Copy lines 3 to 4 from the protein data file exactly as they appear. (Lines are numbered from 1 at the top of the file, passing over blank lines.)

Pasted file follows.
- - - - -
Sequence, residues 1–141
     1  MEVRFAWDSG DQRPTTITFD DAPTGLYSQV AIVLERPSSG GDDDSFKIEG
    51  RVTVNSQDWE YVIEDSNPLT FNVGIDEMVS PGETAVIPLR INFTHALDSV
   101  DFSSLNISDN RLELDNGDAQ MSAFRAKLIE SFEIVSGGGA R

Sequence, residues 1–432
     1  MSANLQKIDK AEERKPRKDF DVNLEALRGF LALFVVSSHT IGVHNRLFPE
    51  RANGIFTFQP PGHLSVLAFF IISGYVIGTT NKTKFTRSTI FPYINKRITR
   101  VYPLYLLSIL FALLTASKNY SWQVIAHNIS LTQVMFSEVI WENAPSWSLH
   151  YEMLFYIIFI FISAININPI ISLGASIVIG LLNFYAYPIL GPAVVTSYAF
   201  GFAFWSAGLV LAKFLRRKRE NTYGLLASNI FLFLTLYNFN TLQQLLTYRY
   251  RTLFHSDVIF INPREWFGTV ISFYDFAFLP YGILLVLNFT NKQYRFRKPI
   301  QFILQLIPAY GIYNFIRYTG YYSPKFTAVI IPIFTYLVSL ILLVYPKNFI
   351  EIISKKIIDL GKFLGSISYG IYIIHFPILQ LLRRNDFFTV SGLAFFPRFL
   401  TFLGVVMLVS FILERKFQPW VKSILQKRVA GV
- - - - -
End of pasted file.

    51  RVTVNSQDWE YVIEDSNPLT FNVGIDEMVS PGETAVIPLR INFTHALDSV
   101  DFSSLNISDN RLELDNGDAQ MSAFRAKLIE SFEIVSGGGA R